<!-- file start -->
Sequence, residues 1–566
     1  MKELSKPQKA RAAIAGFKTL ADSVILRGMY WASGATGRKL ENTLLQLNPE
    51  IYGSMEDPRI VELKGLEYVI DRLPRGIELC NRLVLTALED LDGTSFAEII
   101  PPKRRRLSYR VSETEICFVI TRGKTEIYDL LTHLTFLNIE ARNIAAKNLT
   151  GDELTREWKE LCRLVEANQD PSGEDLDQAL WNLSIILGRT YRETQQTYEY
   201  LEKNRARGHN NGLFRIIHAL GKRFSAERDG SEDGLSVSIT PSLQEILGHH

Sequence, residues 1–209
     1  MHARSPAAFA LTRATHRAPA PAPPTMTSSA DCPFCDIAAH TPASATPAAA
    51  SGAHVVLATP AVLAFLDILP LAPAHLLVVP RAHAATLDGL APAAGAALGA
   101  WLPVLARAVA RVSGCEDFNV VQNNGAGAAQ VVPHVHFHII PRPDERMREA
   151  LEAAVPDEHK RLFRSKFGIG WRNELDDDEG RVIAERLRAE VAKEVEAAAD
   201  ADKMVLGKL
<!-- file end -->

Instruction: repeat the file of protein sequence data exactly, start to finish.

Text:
Sequence, residues 1–566
     1  MKELSKPQKA RAAIAGFKTL ADSVILRGMY WASGATGRKL ENTLLQLNPE
    51  IYGSMEDPRI VELKGLEYVI DRLPRGIELC NRLVLTALED LDGTSFAEII
   101  PPKRRRLSYR VSETEICFVI TRGKTEIYDL LTHLTFLNIE ARNIAAKNLT
   151  GDELTREWKE LCRLVEANQD PSGEDLDQAL WNLSIILGRT YRETQQTYEY
   201  LEKNRARGHN NGLFRIIHAL GKRFSAERDG SEDGLSVSIT PSLQEILGHH

Sequence, residues 1–209
     1  MHARSPAAFA LTRATHRAPA PAPPTMTSSA DCPFCDIAAH TPASATPAAA
    51  SGAHVVLATP AVLAFLDILP LAPAHLLVVP RAHAATLDGL APAAGAALGA
   101  WLPVLARAVA RVSGCEDFNV VQNNGAGAAQ VVPHVHFHII PRPDERMREA
   151  LEAAVPDEHK RLFRSKFGIG WRNELDDDEG RVIAERLRAE VAKEVEAAAD
   201  ADKMVLGKL